Others identified were data protection, addressing gender inequalities and gender-based violence against women online, and adopting supportive ICT policies that promote freedom of expression online and equitable access to information.
Due to increased internet freedom violation incidents coupled with regressive policies being made in many countries, the need for a well-defined Internet Intermediary Liability (ILL) regime has also become increasingly apparent. Another meeting held on February 10-11, 2014 organised by the APC with support from Google Africa discussed the responsibility that may be placed on intermediaries in implementing monitoring and control mechanisms laid down by the laws.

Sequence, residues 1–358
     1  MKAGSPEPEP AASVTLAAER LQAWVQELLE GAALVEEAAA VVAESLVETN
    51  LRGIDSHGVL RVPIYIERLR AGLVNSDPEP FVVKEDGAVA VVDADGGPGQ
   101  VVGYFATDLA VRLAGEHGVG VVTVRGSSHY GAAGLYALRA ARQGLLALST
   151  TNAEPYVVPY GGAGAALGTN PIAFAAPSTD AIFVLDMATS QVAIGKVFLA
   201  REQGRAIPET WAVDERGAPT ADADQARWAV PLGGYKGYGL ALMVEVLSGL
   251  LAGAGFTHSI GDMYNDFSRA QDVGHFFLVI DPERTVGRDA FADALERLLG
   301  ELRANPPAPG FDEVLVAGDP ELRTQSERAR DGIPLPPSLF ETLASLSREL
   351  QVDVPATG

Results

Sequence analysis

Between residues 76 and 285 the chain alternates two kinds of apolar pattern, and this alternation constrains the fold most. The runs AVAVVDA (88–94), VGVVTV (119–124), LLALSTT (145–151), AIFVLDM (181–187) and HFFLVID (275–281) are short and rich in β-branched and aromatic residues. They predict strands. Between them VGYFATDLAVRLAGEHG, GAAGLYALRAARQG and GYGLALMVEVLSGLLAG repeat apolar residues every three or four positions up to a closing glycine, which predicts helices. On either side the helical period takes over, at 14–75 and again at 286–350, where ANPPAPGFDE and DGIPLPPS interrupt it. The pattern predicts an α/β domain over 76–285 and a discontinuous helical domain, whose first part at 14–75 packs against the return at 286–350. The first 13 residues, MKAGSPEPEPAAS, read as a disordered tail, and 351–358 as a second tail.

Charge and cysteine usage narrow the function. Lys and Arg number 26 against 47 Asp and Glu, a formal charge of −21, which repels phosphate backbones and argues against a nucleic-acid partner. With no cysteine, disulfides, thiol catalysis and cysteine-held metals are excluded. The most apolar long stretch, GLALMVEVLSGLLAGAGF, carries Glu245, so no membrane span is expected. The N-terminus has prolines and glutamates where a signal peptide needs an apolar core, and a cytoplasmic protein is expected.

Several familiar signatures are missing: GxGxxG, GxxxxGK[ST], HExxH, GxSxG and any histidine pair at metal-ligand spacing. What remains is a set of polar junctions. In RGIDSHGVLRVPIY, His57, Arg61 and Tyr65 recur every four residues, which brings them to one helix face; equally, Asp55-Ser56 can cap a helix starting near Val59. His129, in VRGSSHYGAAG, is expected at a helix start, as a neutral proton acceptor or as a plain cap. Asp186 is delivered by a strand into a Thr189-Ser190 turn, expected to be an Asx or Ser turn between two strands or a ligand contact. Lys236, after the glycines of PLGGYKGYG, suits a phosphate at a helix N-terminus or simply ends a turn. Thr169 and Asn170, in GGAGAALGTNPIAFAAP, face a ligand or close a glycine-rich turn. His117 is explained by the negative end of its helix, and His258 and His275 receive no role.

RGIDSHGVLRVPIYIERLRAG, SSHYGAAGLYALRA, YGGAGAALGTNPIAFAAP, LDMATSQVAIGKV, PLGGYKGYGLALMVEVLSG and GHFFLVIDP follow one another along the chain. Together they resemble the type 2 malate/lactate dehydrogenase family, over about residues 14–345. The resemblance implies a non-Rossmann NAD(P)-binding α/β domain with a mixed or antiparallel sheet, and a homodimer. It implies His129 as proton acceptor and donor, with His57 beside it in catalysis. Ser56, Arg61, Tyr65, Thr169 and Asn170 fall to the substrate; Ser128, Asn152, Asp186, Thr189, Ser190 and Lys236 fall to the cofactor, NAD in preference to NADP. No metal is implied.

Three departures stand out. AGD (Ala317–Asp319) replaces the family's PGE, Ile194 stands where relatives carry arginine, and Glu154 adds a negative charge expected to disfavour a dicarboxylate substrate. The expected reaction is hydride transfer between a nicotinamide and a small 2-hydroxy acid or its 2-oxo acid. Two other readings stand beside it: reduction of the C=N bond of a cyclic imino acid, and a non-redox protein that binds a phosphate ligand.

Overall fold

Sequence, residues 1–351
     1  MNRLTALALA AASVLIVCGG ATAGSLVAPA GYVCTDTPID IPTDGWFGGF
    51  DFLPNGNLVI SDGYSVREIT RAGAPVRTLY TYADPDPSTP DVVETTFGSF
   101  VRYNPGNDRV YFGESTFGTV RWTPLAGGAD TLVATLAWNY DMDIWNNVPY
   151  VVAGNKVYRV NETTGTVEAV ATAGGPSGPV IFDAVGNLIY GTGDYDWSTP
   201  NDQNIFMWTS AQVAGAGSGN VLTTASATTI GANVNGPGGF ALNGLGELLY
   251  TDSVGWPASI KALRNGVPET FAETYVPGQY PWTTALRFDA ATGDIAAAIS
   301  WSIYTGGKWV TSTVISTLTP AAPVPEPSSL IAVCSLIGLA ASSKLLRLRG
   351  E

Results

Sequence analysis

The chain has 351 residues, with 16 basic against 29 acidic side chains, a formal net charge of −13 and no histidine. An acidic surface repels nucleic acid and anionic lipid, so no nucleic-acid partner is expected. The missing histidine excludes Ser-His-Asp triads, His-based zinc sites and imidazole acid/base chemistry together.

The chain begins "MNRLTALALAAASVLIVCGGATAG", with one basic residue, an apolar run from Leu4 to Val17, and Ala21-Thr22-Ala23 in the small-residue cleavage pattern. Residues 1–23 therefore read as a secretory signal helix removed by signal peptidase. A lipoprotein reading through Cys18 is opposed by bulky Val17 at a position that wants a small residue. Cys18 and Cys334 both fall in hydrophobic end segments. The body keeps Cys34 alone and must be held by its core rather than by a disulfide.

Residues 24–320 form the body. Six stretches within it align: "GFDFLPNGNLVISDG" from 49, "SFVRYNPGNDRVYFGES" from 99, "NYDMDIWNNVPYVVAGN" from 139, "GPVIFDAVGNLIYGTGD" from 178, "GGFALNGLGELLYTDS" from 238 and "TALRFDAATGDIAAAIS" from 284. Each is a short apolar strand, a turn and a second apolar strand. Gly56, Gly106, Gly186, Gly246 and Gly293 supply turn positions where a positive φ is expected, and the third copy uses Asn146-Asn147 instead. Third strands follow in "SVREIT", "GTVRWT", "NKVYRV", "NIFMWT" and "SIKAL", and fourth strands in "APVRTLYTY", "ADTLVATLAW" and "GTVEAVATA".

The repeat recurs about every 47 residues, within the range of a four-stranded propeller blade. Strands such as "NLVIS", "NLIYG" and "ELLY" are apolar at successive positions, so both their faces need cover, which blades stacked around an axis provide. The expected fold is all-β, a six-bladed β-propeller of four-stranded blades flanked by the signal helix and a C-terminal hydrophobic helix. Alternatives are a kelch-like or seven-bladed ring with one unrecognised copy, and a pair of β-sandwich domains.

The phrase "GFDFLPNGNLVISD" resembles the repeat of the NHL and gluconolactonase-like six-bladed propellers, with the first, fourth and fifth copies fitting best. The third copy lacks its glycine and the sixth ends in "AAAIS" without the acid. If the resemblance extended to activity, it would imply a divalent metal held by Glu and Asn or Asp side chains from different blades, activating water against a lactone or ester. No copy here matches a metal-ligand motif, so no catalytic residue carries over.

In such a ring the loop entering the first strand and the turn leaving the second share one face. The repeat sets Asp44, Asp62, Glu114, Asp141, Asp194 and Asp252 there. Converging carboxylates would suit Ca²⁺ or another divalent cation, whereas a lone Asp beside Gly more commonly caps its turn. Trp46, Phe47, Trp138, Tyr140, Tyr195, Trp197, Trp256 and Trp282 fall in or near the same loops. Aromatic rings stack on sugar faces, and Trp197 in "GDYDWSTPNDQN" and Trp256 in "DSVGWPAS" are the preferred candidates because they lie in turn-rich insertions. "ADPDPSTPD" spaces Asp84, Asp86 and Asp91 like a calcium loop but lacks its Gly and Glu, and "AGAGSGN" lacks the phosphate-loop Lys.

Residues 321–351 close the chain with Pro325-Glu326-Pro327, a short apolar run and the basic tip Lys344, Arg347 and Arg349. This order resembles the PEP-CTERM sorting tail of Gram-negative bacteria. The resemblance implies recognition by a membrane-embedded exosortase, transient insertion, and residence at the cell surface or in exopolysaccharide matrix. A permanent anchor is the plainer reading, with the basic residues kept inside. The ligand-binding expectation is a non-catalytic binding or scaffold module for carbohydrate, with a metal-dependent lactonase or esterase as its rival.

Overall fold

At the regional level, there are legal and regulatory frameworks like the Africa Charter on Declaration of Principles on Freedom of Expression in Africa, which provide limited protection for internet rights and the liability of internet intermediaries. It was noted that such frameworks could act as building blocks for individual countries to draw up best practices on ILL regimes.
There was consensus that such existing frameworks should be the basis for adopting a general guide with definitions of terms on Internet intermediary liability. This guide would act as central referencing document on which individual countries would base their national IIL regimes.
During the discussions, participants charted their thoughts on a best practice guide for an IIL regime for Africa by asking the below questions: